Jennifer Magary was thrilled when she discovered she was pregnant with her second child, a baby boy called Jude who would be a brother to her one-year-old son Henry.

But half way through her pregnancy, she began bleeding heavily.

Terrified, the 39-year-old marketing manager from Dallas, Texas, was admitted to the antenatal care unit of The Royal Hospital for Women, Randwick.

There, she was made to rest in bed for several days while the team of midwives and nurses continuously monitored her.

Jennifer is one of more than 1000 women every year in Australia who suffer from placenta previa. What this meant was Jude’s placenta was covering her cervix instead of attaching to the top or side of the uterus.

It would cause severe bleeding until he was born, placing both her and Jude at risk. She was told not to do any rigorous exercise or to lift things, which proved difficult with a boisterous toddler underfoot at home.

In total, she was admitted more than 10 times to the antenatal unit, and each time, Jennifer and her UK-born husband Kian were deeply appreciative of the care their family was receiving.

“I’d come in and stay for up to a week at a time, then once everything was fine, I’d pack my bags and go home again, sometimes as soon as the following day,” Jennifer recalls.  

It was a delicate balance of keeping Jude growing inside her for as long as possible without the placenta pulling away and putting both of them in danger. Kian began working from home to be able to care for Henry, as Jennifer was not able to pick him up.

“Kian and I both were so worried because of the unexpected nature of the condition, but we knew we were in good hands.  The nurses were so supportive of us during a time which put a lot of added stress on our normal daily lives. They knew we were juggling Henry with no family here so they became almost like a surrogate family to us.”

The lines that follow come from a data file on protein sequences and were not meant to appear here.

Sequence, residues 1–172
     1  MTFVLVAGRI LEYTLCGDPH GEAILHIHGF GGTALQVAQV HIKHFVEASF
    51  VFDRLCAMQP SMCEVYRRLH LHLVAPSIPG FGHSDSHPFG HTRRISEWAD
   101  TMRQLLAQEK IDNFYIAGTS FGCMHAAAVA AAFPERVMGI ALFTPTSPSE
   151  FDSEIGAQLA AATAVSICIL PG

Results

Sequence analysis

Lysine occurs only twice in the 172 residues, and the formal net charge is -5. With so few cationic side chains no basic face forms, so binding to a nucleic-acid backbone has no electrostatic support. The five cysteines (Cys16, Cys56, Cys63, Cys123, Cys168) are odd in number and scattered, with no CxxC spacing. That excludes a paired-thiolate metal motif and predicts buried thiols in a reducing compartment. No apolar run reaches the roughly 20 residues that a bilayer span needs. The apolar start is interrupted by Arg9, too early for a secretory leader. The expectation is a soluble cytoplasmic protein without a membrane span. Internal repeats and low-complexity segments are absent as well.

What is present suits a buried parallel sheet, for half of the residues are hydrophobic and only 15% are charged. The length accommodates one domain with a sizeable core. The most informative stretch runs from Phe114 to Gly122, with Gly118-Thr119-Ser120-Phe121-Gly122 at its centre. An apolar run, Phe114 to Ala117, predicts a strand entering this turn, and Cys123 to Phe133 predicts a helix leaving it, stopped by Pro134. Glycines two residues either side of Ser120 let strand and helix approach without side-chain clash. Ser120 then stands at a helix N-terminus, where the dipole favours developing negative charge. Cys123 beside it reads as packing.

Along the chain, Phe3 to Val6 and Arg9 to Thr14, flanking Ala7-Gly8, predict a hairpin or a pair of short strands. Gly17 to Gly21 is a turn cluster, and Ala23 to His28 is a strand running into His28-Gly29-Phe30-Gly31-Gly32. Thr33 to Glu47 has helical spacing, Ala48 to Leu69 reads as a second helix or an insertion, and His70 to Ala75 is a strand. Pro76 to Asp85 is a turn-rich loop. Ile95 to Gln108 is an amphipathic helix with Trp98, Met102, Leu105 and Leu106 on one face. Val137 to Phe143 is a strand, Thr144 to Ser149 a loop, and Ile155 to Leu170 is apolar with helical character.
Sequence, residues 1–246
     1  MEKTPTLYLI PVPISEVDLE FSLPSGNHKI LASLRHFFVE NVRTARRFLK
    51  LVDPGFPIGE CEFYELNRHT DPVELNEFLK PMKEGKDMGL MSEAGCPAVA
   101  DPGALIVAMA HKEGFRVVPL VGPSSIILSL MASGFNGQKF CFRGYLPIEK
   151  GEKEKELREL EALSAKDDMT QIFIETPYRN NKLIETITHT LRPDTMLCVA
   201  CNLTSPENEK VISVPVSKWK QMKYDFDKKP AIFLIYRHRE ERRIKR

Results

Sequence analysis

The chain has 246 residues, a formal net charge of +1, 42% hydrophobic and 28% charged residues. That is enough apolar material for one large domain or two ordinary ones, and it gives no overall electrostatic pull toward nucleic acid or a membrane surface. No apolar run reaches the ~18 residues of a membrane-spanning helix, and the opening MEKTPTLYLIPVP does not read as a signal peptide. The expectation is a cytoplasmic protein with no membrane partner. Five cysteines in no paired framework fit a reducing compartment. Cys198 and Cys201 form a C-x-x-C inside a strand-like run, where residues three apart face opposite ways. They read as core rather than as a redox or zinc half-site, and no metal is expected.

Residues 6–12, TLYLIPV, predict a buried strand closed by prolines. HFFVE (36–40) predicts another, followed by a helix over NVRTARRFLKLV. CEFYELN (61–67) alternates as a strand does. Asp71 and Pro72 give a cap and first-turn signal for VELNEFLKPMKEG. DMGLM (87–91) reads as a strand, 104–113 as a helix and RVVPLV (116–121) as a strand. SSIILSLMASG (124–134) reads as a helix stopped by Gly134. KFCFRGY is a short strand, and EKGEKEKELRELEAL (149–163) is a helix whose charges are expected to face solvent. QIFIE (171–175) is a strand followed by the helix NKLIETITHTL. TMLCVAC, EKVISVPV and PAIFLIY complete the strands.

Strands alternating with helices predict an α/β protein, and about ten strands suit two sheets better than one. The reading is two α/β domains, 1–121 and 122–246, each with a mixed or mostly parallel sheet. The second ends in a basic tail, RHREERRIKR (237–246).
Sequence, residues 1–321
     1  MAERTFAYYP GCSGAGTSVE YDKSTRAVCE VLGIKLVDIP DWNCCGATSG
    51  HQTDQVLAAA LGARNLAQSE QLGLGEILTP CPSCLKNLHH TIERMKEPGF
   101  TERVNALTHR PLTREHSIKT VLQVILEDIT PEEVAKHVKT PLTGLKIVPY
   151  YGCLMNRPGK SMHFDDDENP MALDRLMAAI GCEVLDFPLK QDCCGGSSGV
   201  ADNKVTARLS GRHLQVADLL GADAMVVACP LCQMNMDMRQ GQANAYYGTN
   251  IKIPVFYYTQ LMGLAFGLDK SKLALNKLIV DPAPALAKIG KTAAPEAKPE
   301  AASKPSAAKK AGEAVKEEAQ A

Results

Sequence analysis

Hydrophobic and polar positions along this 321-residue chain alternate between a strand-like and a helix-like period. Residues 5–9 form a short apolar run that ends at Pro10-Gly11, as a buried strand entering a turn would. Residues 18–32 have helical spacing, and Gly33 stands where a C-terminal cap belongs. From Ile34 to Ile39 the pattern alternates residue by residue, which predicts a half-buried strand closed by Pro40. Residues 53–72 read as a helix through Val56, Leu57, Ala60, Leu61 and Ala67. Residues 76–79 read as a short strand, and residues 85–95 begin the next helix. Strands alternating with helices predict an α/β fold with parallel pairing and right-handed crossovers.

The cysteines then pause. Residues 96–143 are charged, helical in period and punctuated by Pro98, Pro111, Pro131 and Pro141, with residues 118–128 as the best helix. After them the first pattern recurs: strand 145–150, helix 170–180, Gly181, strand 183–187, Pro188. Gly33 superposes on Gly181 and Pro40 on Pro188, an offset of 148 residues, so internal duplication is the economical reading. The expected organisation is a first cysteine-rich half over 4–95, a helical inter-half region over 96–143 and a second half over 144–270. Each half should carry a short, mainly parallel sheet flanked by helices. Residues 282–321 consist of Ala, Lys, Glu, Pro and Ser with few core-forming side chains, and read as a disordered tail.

In December, at 35 weeks and three days, when Jude’s heart rate slowed down, she had an emergency caesarean.

Jude was three kilograms, and taken into the care of The Royal’s Newborn Intensive Care Unit where he was placed in a humidicrib and given a feeding tube, an IV drip and steroid injections.

“Being from overseas, we are so thankful and amazed by the quality of care in the healthcare system in Australia.  Although it was a difficult time, the Royal made it so easy for us to adapt,” she says.

Jude is now a healthy nine-month old. Henry is 20 months old, attends day care two days a week, and is crazy about his toy cars and trucks.  Jennifer is able to exercise again, enjoying her Pilates and circuit training. 

Both Jennifer and Kian’s family were able to visit for more than a month after Jude was born, just before the international borders began slamming shut and social restrictions began. “We’re so grateful they managed to visit us when they did. And we also feel so lucky to have a hospital like The Royal as our local. The care we received there was exceptional.”

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